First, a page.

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Biology – Questions 1-5


Questions 1-5 test on the study of living things.

Refer to the table below to answer Question 1.

Kingdom Classifications of Living Organisms

Kingdom Monera

Simple one-celled, lacks organelles, mobile, some, such as bacteria, can make their own food

Kingdom Protista

Unicellular, mobile, possess a more complex cell structure than monera, such as paramecia

Kingdom Fungi

Multicellular, lacks chlorophyll, immobile, obtains food from other organisms, such as mushrooms

Kingdom Plantae

Multicellular, contains chlorophyll, immobile, produces its own food, such as moss

Kingdom Animali

Multicellular, mobile, can obtain food on its own, such as lizards

Study Guide

1. Kudzu, a rare vine, is a stationary, multi-cellular organism that is sometimes used as animal feed. In which kingdom would it be classified?

·          A. Protista

·          B. Fungi

·          C. Plantae

·          D. Animali

Refer to the text below to answer Question 2.

A cell is the smallest unit of life that is classified as a living thing. Some organisms are unicellular, such as bacteria, and others are multicellular such as animals. There are two types of cells: eukaryotic and prokaryotic. Prokaryotic cells are smaller, and lack a nucleus and most eukaryote organelles. Eukaryotic cells are often found in multicellular organisms. Both types of cells are composed of a membrane, cytoskeleton, genetic material, and organelles. The cell membrane surrounds the cytoplasm of a cell and provides a barrier to separate and protect a cell from its surrounding environment. It also acts as a traffic cop, regulating what passes or does not pass through.

Study Guide

2. According to the text above, which of the following statements is true about cells?

·          A. Cells are only present in multicellular organisms.

·          B. Prokaryotic cells are smaller than eukaryotic cells and therefore are less abundant in living organisms.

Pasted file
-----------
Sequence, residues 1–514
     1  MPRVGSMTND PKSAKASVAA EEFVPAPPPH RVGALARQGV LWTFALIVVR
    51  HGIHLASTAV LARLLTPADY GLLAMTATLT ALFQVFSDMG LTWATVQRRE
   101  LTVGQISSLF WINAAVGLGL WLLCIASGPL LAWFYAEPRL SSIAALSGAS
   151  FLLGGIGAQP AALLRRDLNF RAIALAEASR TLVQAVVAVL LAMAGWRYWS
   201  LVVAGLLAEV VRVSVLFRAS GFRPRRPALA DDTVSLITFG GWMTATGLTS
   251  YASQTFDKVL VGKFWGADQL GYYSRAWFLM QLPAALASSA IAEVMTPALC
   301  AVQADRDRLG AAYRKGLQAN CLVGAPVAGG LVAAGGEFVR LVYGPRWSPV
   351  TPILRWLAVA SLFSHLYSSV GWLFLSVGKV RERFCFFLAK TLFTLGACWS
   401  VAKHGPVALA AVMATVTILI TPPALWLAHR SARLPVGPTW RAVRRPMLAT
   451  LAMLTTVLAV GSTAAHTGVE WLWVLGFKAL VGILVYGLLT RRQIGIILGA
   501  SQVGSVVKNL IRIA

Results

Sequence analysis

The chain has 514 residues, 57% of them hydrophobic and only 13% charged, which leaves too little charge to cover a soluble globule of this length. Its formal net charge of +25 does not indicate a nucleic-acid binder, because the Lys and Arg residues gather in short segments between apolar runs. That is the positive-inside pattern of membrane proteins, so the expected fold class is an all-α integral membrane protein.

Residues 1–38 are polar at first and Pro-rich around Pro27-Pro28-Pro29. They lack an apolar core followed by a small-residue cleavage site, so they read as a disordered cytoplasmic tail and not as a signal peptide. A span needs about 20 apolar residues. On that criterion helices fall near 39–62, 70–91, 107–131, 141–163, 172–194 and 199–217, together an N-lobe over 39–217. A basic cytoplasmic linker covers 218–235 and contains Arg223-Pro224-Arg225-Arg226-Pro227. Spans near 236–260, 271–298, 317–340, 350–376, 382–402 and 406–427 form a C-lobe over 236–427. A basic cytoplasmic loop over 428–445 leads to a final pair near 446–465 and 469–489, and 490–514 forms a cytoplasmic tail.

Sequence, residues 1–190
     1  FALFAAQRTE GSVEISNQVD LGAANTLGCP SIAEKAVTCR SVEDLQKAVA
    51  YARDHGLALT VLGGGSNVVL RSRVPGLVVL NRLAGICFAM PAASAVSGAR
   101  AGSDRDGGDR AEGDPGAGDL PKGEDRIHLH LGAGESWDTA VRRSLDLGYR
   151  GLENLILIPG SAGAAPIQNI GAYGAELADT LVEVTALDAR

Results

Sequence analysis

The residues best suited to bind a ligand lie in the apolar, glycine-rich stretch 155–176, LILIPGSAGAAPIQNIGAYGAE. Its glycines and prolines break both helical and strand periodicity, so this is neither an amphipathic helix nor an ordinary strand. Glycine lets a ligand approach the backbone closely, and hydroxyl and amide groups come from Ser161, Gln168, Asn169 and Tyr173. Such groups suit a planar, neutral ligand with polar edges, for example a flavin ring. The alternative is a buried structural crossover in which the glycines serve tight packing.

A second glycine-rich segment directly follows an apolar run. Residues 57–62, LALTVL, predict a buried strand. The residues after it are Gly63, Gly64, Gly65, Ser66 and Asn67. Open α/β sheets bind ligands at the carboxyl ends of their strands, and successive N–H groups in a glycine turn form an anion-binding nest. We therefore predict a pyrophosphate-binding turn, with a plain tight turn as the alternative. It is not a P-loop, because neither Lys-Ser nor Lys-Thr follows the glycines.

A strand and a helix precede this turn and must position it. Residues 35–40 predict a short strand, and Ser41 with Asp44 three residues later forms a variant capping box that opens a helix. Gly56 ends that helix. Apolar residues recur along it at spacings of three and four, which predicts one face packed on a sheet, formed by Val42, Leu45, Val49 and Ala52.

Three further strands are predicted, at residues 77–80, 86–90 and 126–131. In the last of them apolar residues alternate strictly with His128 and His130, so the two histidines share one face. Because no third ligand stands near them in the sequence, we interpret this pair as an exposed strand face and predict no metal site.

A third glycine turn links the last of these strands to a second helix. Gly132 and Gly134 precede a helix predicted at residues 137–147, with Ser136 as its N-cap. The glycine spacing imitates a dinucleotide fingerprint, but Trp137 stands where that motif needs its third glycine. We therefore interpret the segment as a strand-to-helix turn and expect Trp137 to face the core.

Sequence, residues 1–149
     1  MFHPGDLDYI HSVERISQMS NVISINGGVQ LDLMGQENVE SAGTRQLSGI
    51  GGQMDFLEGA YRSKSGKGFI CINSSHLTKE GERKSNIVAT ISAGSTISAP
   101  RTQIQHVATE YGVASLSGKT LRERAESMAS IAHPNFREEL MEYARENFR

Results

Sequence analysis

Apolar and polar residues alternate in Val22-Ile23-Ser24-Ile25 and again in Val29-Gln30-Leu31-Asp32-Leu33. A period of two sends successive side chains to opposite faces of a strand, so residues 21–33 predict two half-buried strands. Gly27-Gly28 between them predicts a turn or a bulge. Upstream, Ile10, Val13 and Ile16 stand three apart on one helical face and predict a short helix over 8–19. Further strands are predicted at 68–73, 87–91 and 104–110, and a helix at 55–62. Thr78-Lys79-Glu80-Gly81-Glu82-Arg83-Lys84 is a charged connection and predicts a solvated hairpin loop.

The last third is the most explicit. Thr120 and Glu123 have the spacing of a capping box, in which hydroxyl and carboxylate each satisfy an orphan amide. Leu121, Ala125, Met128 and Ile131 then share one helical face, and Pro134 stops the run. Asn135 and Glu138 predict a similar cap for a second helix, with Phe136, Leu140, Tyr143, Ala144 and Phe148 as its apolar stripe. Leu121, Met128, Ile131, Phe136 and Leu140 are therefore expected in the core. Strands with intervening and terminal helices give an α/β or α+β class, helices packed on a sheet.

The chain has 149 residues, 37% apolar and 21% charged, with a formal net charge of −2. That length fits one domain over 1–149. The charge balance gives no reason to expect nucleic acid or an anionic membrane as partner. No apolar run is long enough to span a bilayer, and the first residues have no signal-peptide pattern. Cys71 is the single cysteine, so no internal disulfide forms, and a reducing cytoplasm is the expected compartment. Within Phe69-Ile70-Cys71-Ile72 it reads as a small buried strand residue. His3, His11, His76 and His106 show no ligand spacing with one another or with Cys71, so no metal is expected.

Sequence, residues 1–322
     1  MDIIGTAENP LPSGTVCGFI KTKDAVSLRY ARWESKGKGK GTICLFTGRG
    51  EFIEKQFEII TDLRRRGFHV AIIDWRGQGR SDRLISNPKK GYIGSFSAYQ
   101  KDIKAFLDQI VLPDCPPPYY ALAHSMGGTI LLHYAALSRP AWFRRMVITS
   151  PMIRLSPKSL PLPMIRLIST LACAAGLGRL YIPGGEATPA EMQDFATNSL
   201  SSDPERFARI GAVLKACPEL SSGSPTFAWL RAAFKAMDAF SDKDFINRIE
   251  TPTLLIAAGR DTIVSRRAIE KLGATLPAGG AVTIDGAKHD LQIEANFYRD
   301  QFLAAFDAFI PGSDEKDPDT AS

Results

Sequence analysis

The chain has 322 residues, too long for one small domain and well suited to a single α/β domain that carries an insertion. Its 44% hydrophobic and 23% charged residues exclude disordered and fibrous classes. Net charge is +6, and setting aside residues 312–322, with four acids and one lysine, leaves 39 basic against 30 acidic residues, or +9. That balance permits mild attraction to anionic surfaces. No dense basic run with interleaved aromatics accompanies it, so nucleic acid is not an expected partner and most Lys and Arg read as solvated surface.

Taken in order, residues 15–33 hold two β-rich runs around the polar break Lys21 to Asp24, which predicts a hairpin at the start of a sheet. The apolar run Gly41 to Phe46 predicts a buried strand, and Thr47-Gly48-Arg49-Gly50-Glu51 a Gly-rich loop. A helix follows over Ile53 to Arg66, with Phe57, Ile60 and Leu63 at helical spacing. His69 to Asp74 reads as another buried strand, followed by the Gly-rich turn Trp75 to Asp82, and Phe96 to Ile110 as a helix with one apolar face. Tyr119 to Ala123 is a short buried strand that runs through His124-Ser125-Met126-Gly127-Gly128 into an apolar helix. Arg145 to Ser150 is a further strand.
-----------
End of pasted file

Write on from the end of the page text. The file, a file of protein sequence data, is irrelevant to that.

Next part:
·          C. Eukaryotic cells contain a cell membrane while prokaryotic cells do not.

·          D. The cell membrane is said to be semi-permeable because it can control the flow of substances into and out of the cell.

Refer to the images below to answer Question 3.

https://www.aoean.org/images/exam/q12.jpg

Study Guide

3. What stage of mitosis is occurring when the chromosomes start to align at the equator of the cell?

·          A. Prophase

·          B. Metaphase

·          C. Anaphase

·          D. Telophase

Study Guide

4. The Thompson family has four children, three girls and one boy. What caused this change to occur?

·          A. The father’s contribution of a Y chromosome

·          B. They conceived at a different time in the mother’s fertility cycle

·          C. The mother’s contribution of a Y chromosome

·          D. The odds were in the favor of eventually having a boy

Refer to the table below to answer Question 5.

Organ Systems and Their Function

Nervous System

The body’s command central comprised of the brain, spinal cord and specialized neurons. Two hemispheres in the brain control different functions from speech and sight to voluntary and involuntary functions.

Circulatory System

Arteries, veins and capillaries transport nutrients to cells and remove the cell’s waste by pumping blood cells out of the heart.

Muscular System

Comprised of skeletal, cardiac and smooth muscles that support the body and allow it to move.

Digestive System

Enzymes breakdown food into simple forms so it can be absorbed into the cells as nutrients. Once the food enters the mouth it travels from the stomach to the small intestine then to the large intestines (the colon).

Respiratory System

Regulates the exchange of carbon dioxide out of the body and oxygen into the body within the lungs.

Skeletal System

Comprised of 206 bones that are connected by ligaments and connect at joints to provide motion and protection to the body.

Study Guide

5. A patient complains of stomach pains and poor vision. Which two organ systems should the doctor examine?

·          A. Muscular and Skeletal

·          B. Respiratory and Digestive

·          C. Nervous and Digestive

·          D. Circulatory and Respiratory

Earth and Space Science – Questions 6-10


Questions 6-10 test on the topics of earth and space science.

Refer to the text and diagram below to answer Question 6.